Someones (Mary Tabor) (Jesse Nissim) asked me to participate in this so here are my answers.  I have tagged them both back because they are lovely writers and people.  I am also tagging the following smart and talented writers.  You should go check them out if you're bored.  Chris Kennedy, Mi Ditmar and Jules Gibbs.

What is the title of your book?

Sit Down Traveler.  Although one good friend thought it should be The Wide, Unruly Room and in its first incarnation it was titled The Sad Bra Speaks.  Don’t ask.

Where did the idea come from for the book?

Since my book is a book of poetry, it was a collection of poems before it was a book. I have no idea where the poems came from.  I suspect the following: desperation, inability to make decisions and fear of my fate.  Also love, how it is both a destroyer and a creator.  Waking up in the morning and feeling sad.  The light on the leaves in the fall.  Anxiety.  The taste of chocolate.  Sex and death.  The usual poetic obsessions.

What genre does your book fall under?


Which actors would you choose to play your characters in a movie rendition?

Now there’s an idea.  Since I don’t really go to movies or watch television that much or retain names of any actors I am at a loss.  Frankly I don’t really want my poems to be a movie.  So take that Hollywood.  Don’t come knocking on my door with your fancy dollar bills and your crazy actors. 

What is the one-sentence synopsis of your book?

I’m sad, are you sad too, will you share your dark chocolate with me?

Was your book self-published or represented by an agency?

No and no.

How long did it take you to write the first draft of your manuscript?

All my bloody life.  First I had to live it, then I had to write a bunch of poems—and then I had to revise all the kind of crappy poems a billion times and then order those poems and then moan a bunch about what a terrible writer I am and then revise again and take out old poems and put in new poems and show them to my writer friends until they were completely sick of me and then they reordered it (thanks Chris Kennedy & Mi Ditmar!) and finally Antilever Press took pity on me and published it.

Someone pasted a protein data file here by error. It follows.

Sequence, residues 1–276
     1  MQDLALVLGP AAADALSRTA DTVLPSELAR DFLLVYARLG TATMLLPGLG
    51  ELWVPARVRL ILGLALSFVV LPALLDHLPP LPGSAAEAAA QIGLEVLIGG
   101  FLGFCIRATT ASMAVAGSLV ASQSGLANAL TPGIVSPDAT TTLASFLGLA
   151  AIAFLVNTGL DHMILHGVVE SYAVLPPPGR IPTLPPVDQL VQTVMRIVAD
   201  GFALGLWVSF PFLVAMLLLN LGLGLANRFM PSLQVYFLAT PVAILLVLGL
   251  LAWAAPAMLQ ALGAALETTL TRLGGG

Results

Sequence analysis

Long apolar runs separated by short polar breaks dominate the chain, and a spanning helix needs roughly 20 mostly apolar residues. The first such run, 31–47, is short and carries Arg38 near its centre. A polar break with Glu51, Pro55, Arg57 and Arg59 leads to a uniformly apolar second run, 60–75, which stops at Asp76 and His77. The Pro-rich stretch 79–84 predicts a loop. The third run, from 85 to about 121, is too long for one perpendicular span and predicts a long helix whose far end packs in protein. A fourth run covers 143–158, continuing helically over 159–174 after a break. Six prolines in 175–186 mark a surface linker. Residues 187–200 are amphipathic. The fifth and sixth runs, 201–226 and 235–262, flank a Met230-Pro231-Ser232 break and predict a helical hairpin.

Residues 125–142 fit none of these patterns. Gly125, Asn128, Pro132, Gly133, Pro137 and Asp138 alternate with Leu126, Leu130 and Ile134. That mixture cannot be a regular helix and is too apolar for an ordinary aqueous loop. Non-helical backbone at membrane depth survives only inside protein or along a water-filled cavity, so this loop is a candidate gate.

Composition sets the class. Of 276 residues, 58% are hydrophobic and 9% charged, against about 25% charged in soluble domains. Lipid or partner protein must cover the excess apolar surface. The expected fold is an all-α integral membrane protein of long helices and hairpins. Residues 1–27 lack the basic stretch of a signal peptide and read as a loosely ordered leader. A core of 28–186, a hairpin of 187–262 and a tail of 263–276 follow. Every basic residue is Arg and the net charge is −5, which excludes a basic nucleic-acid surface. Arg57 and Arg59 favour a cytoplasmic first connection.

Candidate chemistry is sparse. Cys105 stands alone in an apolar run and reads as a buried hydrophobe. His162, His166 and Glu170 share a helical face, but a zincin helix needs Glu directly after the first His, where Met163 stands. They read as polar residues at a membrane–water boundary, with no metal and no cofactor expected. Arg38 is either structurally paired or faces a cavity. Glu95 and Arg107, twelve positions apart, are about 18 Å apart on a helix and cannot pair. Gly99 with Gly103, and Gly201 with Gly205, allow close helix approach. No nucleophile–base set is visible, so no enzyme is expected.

What other books would you compare this story to within your genre? I HAVE NO IDEA.  Therefore I changed this question to who were your influences?

Poets I absolutely love, love, love include Elizabeth Bishop, Louis MacNeice (Snow, Sunlight on the Garden especially) and Gerard Manley Hopkins.  Oh & Seamus Heaney. Oh wait—Alice Oswald.  I love her.  Go read her poem Dunt. If my poems were movies I wish these poets would play my poems.  Also I wish I could leech on to their poetic selves and suction out their poetic brains.

Who or what inspired you to write this book?

My daughter, Hannah.  For some people having a child makes it more difficult to write, but for me having a child gave me a focus, albeit the slowest focus in the world since the book wasn’t published until she was seventeen years old. 

What else about your book might pique the reader's interest?

I use the Tarot as a kind of spine in the book; therefore people who find the Tarot beautiful or interesting as a set of symbols might at least want to send me emails about how wrong I am.  If you are looking for car crashes and bombs, I don’t have so many of those.   However, if your fascinations include love gone wrong, the human condition and death, then this book is for you.


    I am Sarah C. Harwell  If you need to know more read my bio.


    April 2013